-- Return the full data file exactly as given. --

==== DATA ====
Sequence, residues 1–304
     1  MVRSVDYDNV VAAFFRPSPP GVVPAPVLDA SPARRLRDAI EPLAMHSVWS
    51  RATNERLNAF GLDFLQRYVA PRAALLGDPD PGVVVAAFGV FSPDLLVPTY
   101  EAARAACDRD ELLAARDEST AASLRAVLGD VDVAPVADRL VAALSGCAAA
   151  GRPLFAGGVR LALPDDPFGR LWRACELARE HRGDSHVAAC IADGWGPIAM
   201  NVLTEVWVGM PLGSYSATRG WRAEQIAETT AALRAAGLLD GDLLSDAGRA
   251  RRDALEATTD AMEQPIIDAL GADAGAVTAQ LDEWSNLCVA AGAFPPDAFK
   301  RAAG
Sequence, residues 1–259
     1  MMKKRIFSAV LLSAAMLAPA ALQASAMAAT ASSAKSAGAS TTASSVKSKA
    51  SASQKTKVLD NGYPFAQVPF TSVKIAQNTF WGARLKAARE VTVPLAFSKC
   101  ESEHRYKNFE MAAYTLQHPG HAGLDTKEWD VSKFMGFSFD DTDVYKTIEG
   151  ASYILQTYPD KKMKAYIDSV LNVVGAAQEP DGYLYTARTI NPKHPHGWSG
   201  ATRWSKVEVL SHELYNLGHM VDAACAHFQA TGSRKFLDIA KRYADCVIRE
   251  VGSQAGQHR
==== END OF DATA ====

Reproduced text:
Sequence, residues 1–304
     1  MVRSVDYDNV VAAFFRPSPP GVVPAPVLDA SPARRLRDAI EPLAMHSVWS
    51  RATNERLNAF GLDFLQRYVA PRAALLGDPD PGVVVAAFGV FSPDLLVPTY
   101  EAARAACDRD ELLAARDEST AASLRAVLGD VDVAPVADRL VAALSGCAAA
   151  GRPLFAGGVR LALPDDPFGR LWRACELARE HRGDSHVAAC IADGWGPIAM
   201  NVLTEVWVGM PLGSYSATRG WRAEQIAETT AALRAAGLLD GDLLSDAGRA
   251  RRDALEATTD AMEQPIIDAL GADAGAVTAQ LDEWSNLCVA AGAFPPDAFK
   301  RAAG
Sequence, residues 1–259
     1  MMKKRIFSAV LLSAAMLAPA ALQASAMAAT ASSAKSAGAS TTASSVKSKA
    51  SASQKTKVLD NGYPFAQVPF TSVKIAQNTF WGARLKAARE VTVPLAFSKC
   101  ESEHRYKNFE MAAYTLQHPG HAGLDTKEWD VSKFMGFSFD DTDVYKTIEG
   151  ASYILQTYPD KKMKAYIDSV LNVVGAAQEP DGYLYTARTI NPKHPHGWSG
   201  ATRWSKVEVL SHELYNLGHM VDAACAHFQA TGSRKFLDIA KRYADCVIRE
   251  VGSQAGQHR